Here’s a look at a variety of colored foods to enjoy this time of year and their benefits.

Reds Foods

Smart Options: pomegranate seeds, cranberries, tomato sauces, beets, red beans and lentils

These foods contain heart-healthy flavonoids, which are anti-oxidants and reduce inflammation, fighting heart disease and keeping artery walls healthy. They also contain vitamins A and C, which boost the immune system and promote healing and are good for eyes, skin, and hair.

Orange and Golden Foods

Smart Options: oranges, butternut squash, acorn squash, carrots, sweet potatoes, golden raisins

These foods contain vitamin C needed for good eye health, wound healing, strong bones and a stronger immune system.

Greens

Smart Options: broccoli, Brussel sprouts, green bell peppers, coleslaw and cabbage

These foods are rich in minerals, phytonutrients, anti-oxidants and vitamins, including vitamins A, B’s and C. These are important nutrients for overall health and well-being as well as disease prevention.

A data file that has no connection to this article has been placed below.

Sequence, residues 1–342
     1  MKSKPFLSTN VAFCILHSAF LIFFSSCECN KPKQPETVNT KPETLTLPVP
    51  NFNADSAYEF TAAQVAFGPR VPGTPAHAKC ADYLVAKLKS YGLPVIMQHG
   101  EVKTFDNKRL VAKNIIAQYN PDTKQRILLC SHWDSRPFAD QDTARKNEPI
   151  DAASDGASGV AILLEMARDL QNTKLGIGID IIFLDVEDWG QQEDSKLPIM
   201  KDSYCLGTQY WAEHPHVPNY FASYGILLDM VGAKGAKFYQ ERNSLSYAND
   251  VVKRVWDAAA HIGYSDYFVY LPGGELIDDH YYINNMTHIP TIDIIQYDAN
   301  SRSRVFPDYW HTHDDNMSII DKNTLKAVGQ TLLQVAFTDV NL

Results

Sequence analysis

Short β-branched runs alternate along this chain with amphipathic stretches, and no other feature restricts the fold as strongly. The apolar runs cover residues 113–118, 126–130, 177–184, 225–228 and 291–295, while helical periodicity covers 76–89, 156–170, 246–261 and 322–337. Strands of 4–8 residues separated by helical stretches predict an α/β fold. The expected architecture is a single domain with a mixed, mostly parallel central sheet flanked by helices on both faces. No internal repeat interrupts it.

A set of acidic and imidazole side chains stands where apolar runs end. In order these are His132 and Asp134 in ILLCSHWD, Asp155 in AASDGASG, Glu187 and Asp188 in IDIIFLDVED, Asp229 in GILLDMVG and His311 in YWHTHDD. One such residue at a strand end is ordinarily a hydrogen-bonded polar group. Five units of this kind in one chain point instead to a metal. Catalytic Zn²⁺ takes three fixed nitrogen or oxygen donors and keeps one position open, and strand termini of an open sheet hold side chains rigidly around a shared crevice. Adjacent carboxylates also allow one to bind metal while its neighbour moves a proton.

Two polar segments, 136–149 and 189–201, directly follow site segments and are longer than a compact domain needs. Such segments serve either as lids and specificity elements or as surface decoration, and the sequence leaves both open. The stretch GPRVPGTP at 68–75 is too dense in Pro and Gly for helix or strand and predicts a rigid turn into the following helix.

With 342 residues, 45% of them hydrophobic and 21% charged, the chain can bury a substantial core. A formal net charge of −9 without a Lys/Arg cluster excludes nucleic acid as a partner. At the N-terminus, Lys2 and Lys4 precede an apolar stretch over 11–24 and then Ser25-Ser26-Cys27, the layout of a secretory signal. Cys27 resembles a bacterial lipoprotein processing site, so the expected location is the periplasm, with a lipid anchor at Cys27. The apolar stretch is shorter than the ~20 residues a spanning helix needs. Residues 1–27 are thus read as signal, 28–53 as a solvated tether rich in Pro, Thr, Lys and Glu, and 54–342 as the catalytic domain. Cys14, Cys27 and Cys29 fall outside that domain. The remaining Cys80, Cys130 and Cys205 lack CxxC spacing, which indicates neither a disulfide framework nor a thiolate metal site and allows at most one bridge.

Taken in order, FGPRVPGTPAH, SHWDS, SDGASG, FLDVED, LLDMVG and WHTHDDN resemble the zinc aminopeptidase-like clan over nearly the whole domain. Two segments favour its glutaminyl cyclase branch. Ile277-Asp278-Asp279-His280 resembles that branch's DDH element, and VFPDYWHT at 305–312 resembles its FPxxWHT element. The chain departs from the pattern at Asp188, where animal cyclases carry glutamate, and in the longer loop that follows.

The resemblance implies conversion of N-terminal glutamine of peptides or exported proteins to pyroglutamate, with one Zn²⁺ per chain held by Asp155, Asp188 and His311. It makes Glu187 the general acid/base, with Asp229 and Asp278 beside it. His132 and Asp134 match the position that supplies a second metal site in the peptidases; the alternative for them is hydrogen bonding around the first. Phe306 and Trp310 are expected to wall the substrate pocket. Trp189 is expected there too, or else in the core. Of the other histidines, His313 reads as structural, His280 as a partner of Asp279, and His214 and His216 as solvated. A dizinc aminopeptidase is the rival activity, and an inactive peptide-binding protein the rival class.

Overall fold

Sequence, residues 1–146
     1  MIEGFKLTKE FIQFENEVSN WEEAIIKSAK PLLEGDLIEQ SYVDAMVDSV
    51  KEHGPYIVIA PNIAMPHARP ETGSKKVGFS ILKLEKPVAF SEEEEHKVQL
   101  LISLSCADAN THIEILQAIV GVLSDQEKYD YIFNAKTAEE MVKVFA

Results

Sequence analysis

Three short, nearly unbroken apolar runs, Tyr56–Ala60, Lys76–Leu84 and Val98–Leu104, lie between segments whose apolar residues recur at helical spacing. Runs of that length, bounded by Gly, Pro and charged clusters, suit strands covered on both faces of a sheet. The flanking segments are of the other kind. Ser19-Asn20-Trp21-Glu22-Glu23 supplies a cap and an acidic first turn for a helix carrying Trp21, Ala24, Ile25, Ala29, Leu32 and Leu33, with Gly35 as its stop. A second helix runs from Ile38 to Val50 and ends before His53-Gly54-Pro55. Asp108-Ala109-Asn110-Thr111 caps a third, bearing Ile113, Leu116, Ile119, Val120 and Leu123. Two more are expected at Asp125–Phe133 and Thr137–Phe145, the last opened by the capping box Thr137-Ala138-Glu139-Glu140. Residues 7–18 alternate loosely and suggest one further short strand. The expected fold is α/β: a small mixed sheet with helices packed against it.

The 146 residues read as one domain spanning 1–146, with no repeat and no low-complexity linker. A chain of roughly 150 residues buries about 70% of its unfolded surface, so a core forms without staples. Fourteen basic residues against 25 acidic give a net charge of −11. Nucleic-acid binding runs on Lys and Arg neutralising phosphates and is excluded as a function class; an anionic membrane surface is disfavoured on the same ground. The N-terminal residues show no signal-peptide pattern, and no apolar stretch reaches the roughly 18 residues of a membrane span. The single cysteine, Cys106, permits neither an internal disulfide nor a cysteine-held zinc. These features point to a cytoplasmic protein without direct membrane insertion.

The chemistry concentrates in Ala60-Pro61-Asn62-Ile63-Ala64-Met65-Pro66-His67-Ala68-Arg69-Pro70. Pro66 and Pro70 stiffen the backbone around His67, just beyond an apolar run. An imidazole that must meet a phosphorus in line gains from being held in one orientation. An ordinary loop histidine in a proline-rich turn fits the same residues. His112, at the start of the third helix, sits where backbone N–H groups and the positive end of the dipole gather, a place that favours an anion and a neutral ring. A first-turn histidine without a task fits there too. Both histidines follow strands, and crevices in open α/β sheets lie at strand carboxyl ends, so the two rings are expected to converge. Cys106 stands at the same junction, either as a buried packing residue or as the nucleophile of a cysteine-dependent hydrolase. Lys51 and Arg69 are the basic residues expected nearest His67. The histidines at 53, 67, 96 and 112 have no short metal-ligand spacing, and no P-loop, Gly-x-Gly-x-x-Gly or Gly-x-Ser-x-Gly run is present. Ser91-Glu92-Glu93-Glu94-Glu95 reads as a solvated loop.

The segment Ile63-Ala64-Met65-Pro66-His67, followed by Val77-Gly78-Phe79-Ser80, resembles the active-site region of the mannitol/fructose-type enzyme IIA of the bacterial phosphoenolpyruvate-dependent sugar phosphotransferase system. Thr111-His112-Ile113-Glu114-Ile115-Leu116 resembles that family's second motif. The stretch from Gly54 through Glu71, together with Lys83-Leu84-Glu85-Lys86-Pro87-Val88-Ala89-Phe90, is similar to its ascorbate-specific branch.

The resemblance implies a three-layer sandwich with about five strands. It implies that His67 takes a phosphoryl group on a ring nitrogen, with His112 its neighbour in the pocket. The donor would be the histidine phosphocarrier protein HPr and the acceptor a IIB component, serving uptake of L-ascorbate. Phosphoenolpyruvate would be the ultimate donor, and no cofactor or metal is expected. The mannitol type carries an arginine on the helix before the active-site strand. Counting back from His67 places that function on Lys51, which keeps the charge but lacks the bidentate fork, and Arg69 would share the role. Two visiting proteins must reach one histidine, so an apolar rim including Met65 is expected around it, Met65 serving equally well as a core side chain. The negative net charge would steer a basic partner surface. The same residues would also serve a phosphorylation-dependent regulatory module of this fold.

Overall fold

Spices of the season

Smart Options: cinnamon, nutmeg, ginger, cardamom, and cumin

These spices all have powerful anti-oxidant properties and fight inflammation in joints and arteries. Cinnamon also helps manage blood sugar levels. Add these enticing flavors to cooked apples, teas, beef sauces, poultry, salmon, sweet potatoes, and foods suggested below.

So get creative! Enjoy these foods and flavors in new inspiring ways. Some suggestions:

  • Pomegranate seeds sprinkled on salads and yogurt
  • Dried cranberries in oatmeal and salads
  • Roasted or pickled beets as snacks or in salads or as sides
  • Tomato sauces in stews or spaghetti or chili or soups
  • Red beans with rice or in chili, lentil soup or cold lentil salad
  • Butternut squash soup, mashed butternut squash or roasted butternut strips or rings